“Conversations that Matter” is a monthly on-line series from the McKinney Center. The next event in this series will be Thursday, August 12 at 7 p.m. via Zoom featuring Reverend Tiffany Sapp and Edward Wolff.  This conversation will be moderated by McKinney Center volunteers Michelle Treece and, guest moderator, Brittany Butler. Register at mckinneycenter.com.

Reverend Tiffany Sapp grew up in the mobile life of an Air Force brat and experienced a variety of American culture and religious identities, but often returned to the Tri-Cities during the summers to visit her grandparents’ farm in Hidden Valley. While attending college at nearby Carson-Newman College and then seminary at Duke Divinity School, Rev. Sapp had a sense that she wanted to be a minister. In 2018, Rev. Sapp came to Holston Valley Unitarian Universalist Church as an intern minister and rediscovered her love for this area and its people. After completion of the internship, she served in a rigorous Clinical Pastoral Education Residency at Johnson City Medical Center. Rev. Sapp lives in Gray, Tennessee along with her tug-boat captain husband, their artsy middle school daughter, a corgi, a calico cat and a ball python. When she’s not planning religious services or doing pastoral care visits, Rev. Sapp enjoys cooking, hiking and painting.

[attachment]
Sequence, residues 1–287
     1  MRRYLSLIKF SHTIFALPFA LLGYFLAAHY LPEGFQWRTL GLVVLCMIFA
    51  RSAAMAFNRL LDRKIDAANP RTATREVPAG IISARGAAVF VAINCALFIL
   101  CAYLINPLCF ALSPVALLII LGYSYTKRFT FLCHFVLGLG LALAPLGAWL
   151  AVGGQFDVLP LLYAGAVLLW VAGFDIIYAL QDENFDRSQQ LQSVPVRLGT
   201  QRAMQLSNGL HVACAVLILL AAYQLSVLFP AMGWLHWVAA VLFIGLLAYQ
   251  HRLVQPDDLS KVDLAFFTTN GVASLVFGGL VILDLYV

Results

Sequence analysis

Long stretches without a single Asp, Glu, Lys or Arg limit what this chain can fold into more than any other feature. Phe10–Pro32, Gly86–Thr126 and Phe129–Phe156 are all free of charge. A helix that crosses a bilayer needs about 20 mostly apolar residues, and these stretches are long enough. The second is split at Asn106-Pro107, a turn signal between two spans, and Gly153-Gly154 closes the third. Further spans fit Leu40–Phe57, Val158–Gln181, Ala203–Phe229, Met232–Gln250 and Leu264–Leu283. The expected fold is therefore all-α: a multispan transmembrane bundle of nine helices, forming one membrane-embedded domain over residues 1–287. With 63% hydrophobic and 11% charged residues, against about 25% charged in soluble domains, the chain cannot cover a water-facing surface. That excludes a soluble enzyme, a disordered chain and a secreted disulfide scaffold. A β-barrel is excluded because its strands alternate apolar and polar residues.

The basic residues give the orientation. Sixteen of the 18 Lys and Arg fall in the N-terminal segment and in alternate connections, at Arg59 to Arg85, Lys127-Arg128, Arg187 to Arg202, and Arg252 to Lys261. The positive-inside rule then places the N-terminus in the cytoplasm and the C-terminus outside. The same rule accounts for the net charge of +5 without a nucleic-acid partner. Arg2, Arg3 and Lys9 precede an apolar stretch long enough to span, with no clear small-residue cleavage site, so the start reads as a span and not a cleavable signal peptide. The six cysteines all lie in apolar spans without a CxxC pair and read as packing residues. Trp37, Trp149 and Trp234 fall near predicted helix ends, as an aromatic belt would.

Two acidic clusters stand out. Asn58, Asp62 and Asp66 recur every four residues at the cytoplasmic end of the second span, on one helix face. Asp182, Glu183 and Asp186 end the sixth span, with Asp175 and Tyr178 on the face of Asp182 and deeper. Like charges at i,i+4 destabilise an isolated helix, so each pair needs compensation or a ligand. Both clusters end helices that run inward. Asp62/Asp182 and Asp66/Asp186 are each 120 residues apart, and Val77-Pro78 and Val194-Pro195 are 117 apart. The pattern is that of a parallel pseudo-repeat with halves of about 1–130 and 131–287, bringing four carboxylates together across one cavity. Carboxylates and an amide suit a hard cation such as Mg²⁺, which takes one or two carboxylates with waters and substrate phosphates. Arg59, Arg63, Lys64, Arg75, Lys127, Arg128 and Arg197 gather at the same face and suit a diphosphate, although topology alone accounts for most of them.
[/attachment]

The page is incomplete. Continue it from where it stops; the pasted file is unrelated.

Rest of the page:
Ed Wolff is a retired ordained minister who has lived in Jonesborough for 17 years. He has been active in lifting awareness of climate change and the need for all citizens to have adequate medical benefits.  Presently, he hosts Black/White Dialogue and is Treasurer of the Johnson City/Washington County NAACP.  With the struggle to develop an Equity and Inclusion Advisory Board in the area, he is working with a small group to develop grass roots support through processes of bringing individuals of different perspectives together to understand the need for community unity.

This monthly series is inspired by the Diversity & Equity Subcommittee at the McKinney Center, and their desire to highlight the experiences of all voices in Washington County, Tennessee, with an intention to include marginalized groups. By showcasing these conversations, the Diversity & Equity subcommittee hopes to open doors to new ideas and perspectives amongst our very own neighbors. In each “Conversation” two local guests will explore their own culture and perspective, and talk to each other about what makes them unique, discover their similarities and explore their differences. The goal of each “Conversation that Matters” is for guests and participants to hear real stories from real neighbors.